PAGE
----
- Advanced Search: This isn’t a plugin but a PHP framework that can be used by developers to create an advanced faceted search experience. Not a great option if you don’t have WordPress developers but it’s pretty straight-forward for them if you do.
- Solr Search for WordPress: With features similar to the Solr search appliance, this is certainly a good option in that its good enough for Netflix, Ticketmaster, and Instagram to use on their websites. The plugin features the ability to do facets by category, page type, author, and custom fields.
Every search engine appliance or plugin is slightly different and allows for different experiences. We would suggest investigating a few key areas of functionality:
- Autocomplete. When a visitor types in a search, it’s important to help them by giving suggestions for what others have looked for as they type in their query. Google has clearly set the standard for this. It saves website users time to find exactly what they’re looking for.
- Non-Exact Jargon. Let’s say you’re a toy store and the customer types in “action toys” when the known exact name/jargon is “action figures.” Does the search still turn up a useful result with action figures being displayed? Great search engines will understand and help the user out. They might even suggest more accurate terms.
- Faceted Search. As mentioned above, it’s the ability to drilldown by category, or other tags, page types, or fields so the website user can find exactly what they’re looking for.
- Contextual Snippets. Does the website return a small description (typically the meta description) on what the page is about? That short description helps website visitors decide if this is indeed a relevant page.
Rule No. 6: Keep an ‘Airy’ Visual Design
One of the most critical areas of the website involves the visual design and user experience of a visitor. We see a lot mistakes that small businesses tend to make here. Mostly, this is due to the fact that they don’t use a good WordPress theme or template. We’ll walk through several key areas below:
- Simple, ‘airy’ design: One mistake that we see websites make too often is that they pack information into a small viewing window and cram call-to-action buttons everywhere. Best practice would dictate that landing pages only have 4 to 5 separate items in each viewing window on a desktop browser. That means more “air” and fewer choices to make the viewing experience less chaotic.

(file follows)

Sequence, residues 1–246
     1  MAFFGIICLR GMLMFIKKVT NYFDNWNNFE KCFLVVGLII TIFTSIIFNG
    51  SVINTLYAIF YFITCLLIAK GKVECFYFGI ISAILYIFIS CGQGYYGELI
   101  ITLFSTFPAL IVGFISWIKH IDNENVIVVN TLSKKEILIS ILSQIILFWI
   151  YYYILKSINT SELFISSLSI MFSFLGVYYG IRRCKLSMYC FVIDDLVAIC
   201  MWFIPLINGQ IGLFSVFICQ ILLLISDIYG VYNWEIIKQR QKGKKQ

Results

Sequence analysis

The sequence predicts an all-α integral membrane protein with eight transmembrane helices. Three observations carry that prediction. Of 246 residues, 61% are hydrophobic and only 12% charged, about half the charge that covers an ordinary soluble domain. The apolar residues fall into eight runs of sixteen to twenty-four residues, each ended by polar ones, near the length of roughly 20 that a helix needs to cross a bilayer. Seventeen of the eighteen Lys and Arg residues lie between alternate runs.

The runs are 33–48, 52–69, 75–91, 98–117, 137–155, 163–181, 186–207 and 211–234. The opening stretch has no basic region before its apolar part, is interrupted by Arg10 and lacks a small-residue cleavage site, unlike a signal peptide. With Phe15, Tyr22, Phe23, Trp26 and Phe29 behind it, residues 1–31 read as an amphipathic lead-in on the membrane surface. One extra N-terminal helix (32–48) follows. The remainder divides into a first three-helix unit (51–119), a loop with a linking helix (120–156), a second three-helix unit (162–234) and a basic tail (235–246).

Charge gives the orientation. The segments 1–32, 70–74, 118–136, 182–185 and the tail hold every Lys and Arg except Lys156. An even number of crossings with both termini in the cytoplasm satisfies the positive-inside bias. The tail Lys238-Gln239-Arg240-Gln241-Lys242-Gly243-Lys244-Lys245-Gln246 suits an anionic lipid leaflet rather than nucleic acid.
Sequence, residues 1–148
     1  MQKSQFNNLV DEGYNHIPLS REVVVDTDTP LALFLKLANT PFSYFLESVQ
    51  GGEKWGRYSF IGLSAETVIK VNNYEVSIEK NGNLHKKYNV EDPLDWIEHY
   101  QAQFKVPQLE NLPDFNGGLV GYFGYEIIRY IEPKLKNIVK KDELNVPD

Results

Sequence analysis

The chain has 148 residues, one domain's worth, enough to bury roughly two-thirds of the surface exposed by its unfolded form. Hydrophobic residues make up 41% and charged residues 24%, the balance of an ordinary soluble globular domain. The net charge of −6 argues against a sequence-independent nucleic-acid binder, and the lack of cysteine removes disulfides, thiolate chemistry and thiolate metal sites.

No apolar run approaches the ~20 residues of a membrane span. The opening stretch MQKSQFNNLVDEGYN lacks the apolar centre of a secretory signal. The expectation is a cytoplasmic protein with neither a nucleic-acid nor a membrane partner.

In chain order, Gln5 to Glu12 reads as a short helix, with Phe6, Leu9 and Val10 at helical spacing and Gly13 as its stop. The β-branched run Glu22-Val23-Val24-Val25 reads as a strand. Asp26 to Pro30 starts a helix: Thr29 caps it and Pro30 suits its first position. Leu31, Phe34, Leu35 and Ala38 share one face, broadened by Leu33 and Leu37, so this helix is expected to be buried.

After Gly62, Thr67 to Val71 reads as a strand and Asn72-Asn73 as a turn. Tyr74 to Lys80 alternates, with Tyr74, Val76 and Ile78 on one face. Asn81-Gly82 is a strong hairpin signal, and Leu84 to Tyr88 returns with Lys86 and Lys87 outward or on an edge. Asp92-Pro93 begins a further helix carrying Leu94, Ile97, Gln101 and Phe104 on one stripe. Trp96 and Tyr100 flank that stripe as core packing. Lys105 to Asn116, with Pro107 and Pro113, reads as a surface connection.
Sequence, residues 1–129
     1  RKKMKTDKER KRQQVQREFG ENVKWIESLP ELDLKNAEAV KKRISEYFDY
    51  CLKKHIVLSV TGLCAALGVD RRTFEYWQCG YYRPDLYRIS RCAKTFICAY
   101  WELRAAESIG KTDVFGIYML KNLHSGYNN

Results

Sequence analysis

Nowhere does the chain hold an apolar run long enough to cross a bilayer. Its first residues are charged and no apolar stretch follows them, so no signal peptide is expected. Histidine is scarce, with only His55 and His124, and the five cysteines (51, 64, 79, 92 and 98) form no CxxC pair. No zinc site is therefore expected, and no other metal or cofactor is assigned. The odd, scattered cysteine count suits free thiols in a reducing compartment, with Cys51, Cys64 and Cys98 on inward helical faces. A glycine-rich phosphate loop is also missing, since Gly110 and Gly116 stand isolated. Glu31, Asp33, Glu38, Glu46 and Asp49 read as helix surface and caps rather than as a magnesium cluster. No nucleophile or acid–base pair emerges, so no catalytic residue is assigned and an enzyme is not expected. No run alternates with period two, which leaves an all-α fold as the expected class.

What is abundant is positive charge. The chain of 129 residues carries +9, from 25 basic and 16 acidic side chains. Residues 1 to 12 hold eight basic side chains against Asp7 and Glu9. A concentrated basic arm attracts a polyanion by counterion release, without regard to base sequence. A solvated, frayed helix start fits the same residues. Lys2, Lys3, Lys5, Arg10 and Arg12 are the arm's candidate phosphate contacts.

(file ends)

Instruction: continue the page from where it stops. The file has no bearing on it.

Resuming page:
- Using visually compelling images: Images need to be both fast-loading and high resolution to meet core SEO criteria. They also need to be contextually relevant. If you don’t have access to good stock photos or in-house photography, you can get high-quality, copyright-free images at sites such as Unsplash.com or Pexels.com. Just credit the photographer and you’ll be ready to go.
- Clear hierarchy of promotion. The key element here is don’t bury the lead. For landing pages or article pages, make sure to highlight the most important information at the top of the page, starting from left to right. The top left is the most important real estate followed by the top right on a desktop. Obviously, on a mobile device, make sure your responsive website focuses on the most important content at the top.
Rule No. 7: Limit Colors and Fonts
Too often we see small business websites use a barrage of colors and varying fonts, which do nothing but create a chaotic visitor experience. If you think about a company such as Apple, which is known for its stalwart brand consistency, it uses a single font (SF Pro) with varying sizes. It also defines a more limited number of colors in its CSS (cascading style sheet) and all within a single-color palette. Sites that use too many colors will create an un-focused experience, where the eye may be drawn to different colors on the page but not actual content. Two tools you can download to your Chrome browser as a extension: WhatFont?, which provides information about any site’s fonts, and ColorZilla, which has a webpage color analyzer. There’s no hard and fast rule, but you should only use one type of font on your site. And you should generally try to limit your color usage to under 20 defined in your CSS.
We hope these 7 rules have been helpful. Even if you can’t take on all these at once, try addressing these as you go. Implementation of little details can make a big difference in outcomes. We wish you the best of luck in all your digital marketing endeavors!